Hazardous and contaminated soil was supposed to be removed from Treasure Mountain Junior High after 90 days, but it’s still there years later.
If you read one news story this weekend, read the Salt Lake Tribune’s “Park City School District was supposed to clean up soil years ago. Here’s how much it will cost now.” The background is that soil with lead and arsenic was put into piles behind Treasure Mountain Junior High (TMJH) during construction in 2017. In the years since, more potentially hazardous and contaminated soil was added to the piles. In 2019, the Park City School District added the cost of soil removal to its Master Plan. In 2021, district and city officials discussed removing the piles. As we start the 2023 school year, nothing has happened, and those piles remain.
Here’s the kicker. Those toxic piles are only supposed to remain onsite for 90 days. Currently, they have been there for almost 6 years.
According to the article, School Board President Andrew Caplan was questioned about this, and he responded, “Our admin team is in charge of educating 4,600 children and supervising around 800 employees whose job it is to do the same. They are also called upon to manage quite a few facilities, which is a secondary responsibility to education. Because this is not their expertise they do the best they can with their knowledge and limited bandwidth.” A district spokesperson also apparently said that the district preferred to look ahead and not assign blame.
As a parent of a child in the district, I hear, “Sorry we may be poisoning Park City’s children, but we have a school district to run.” I do know the district has stated that these piles are not harmful. However, when they appear to not be following rules regarding contaminated substances, and had the incident at McPolin last year, it doesn’t give one faith.
So, where does this go?
- There will likely be a cleanup effort that will cost between $3 million and $13 million to remove these piles of toxic soil.
- PCSD likely can’t clean that up during the school year, even if they wanted to, or they would further expose children when they disturb the soil.
- I don’t see how they can economically tear down Treasure Mountain Junior High because they will disturb even more soil.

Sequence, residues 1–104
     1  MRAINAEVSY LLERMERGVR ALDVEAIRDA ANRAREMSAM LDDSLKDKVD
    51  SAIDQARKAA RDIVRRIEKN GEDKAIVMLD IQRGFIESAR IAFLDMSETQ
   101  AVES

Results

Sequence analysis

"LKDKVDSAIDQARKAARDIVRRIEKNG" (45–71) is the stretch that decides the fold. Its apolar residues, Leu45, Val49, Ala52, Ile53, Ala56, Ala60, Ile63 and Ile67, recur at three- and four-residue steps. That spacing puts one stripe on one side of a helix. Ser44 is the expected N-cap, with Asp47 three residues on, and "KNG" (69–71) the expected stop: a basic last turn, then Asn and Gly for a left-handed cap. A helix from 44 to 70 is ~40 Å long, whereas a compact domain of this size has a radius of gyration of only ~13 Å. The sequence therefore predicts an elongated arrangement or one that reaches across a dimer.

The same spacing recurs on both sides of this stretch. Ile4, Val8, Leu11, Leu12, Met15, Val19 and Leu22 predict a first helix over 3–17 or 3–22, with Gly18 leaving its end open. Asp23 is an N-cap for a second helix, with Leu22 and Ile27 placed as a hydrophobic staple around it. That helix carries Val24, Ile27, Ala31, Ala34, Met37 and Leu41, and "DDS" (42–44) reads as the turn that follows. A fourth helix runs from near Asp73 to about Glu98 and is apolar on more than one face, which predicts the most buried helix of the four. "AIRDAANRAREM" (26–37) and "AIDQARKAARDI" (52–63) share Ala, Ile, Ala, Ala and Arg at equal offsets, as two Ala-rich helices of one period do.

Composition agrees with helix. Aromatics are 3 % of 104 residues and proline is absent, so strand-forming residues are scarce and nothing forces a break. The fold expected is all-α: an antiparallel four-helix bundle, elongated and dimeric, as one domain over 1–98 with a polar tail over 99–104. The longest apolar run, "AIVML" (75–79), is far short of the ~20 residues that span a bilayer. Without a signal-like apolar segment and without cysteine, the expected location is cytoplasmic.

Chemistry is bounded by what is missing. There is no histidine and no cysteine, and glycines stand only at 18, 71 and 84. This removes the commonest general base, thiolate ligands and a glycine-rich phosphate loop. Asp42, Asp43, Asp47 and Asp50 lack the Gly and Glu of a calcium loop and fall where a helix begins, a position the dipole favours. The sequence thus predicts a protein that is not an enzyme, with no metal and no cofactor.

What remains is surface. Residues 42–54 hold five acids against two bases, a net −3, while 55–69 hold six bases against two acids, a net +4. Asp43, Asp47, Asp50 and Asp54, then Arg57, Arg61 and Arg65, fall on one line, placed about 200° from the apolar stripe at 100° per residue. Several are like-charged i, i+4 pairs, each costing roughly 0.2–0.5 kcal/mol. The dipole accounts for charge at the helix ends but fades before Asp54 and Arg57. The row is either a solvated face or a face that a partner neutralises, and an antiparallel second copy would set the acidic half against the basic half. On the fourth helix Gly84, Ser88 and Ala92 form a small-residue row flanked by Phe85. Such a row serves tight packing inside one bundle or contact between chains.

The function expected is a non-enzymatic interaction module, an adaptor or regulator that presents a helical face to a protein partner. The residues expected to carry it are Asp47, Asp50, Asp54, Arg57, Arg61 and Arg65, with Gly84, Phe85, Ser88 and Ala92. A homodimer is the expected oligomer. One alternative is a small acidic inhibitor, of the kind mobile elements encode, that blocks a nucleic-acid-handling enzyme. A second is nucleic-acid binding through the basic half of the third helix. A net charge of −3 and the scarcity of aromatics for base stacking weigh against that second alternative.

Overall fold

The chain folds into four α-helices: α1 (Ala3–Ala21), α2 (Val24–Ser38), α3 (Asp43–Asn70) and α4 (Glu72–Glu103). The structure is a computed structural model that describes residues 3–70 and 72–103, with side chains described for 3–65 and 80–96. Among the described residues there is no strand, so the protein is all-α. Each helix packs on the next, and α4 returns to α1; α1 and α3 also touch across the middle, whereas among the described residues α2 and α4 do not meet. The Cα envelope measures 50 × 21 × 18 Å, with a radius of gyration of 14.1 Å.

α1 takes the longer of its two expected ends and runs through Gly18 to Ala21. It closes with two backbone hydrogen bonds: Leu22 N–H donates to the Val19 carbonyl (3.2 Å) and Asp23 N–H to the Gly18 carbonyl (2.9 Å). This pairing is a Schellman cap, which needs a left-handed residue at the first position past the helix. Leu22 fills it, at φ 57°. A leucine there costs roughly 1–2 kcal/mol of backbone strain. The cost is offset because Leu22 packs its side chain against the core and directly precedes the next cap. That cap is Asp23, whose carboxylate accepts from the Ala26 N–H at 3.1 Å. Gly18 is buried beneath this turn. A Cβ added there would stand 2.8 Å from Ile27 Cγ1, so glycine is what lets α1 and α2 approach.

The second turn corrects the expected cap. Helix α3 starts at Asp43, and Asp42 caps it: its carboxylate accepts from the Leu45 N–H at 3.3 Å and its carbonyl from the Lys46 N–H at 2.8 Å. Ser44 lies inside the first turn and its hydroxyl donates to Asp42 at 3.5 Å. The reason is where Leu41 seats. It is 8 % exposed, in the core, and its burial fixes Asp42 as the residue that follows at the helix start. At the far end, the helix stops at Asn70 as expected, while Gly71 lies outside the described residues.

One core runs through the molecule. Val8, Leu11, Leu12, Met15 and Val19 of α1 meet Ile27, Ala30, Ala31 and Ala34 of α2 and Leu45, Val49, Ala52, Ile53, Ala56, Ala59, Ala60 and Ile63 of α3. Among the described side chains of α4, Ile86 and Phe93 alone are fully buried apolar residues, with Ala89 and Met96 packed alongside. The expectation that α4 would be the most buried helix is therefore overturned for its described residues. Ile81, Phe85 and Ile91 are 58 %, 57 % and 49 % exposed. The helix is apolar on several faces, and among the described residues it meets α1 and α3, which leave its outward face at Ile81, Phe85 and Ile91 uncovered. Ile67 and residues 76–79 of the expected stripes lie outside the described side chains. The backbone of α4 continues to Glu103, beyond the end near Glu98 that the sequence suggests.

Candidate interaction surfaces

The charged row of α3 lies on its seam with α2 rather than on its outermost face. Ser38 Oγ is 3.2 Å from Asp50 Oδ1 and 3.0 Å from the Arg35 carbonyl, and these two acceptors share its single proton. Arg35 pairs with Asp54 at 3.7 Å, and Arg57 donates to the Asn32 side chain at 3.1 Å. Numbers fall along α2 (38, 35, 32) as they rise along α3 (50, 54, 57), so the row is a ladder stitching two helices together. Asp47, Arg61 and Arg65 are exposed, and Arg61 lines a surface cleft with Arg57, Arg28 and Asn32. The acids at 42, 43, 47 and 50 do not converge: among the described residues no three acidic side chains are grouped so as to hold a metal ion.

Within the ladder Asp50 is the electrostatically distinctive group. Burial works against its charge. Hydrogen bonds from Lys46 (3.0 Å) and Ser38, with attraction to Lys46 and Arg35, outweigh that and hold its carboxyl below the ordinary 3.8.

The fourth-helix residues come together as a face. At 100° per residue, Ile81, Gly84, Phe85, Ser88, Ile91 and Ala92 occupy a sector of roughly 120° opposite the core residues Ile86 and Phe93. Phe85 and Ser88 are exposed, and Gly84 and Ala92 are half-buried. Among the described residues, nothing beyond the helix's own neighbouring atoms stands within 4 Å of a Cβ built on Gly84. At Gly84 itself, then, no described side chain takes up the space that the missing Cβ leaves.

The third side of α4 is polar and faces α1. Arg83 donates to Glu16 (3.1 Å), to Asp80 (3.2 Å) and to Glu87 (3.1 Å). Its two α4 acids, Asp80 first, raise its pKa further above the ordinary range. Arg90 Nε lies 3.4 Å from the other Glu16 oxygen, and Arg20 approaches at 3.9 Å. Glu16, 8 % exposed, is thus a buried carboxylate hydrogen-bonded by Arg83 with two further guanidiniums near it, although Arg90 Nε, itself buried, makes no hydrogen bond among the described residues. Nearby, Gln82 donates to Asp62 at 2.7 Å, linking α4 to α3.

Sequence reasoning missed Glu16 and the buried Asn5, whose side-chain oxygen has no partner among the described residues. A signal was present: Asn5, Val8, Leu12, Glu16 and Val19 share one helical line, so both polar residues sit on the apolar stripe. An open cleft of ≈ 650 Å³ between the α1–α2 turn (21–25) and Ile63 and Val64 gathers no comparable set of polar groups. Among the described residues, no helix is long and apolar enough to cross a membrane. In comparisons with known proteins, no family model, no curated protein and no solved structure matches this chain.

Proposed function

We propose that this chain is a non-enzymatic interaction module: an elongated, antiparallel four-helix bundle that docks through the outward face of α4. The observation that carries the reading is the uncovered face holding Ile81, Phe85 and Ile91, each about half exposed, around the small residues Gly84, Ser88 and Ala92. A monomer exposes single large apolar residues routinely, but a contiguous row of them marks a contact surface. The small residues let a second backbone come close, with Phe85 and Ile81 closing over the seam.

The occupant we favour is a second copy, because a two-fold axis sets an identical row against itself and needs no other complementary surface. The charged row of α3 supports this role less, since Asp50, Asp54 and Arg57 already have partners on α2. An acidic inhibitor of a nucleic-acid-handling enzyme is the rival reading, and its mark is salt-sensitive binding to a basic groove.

- I also don’t see how they can encourage other entities to buy it with its contingent liabilities.
- When will the lawsuits come? Lead and arsenic can cause learning disabilities, impact growth, and lead to cancer. At some point in the future, PCSD will be sued over these issues.
The District appears to have been aware of the problem for years. The soil impacted children with the closure of the McPolin playground last year. Yet, the school district doesn’t seem to be willing to solve the issue. The school district cites that they didn’t know the toxic soil should be removed after 90 days.
Ignorance is not a defense. I guess lack of logic isn’t a defense, either.
If this were a one-off, I might cut the school district some slack. We all make mistakes, but it’s how we react to mistakes that define us. However, the Park City School District has a pattern of mismanagement. It’s gone beyond a failure to report abuse, not applying for building permits, and not treating teachers respectfully. Now, it allows toxic soil to sit for years and potentially impact our children.
It’s a dark time for the Park City School District. For a school district with only 7 schools, 4,500 students, and a lot of money, they can’t seem to get out of their own way. I feel for the students who will be impacted by the district’s poor decision-making.
Again, I would encourage you to read the Salt Lake Tribune’s article. They have much more detail on the subject.
Update: There was additional information provided related to the Sal Lake Tribune article: “State code requires piles that have been in place for more than 90 days be inspected and approved by the Division of Waste Management and Radiation Control before they can legally be stored any longer. PCSD did not do that – the piles were only inspected on September 16, 2022 after a contractor called the DEQ with questions about them.”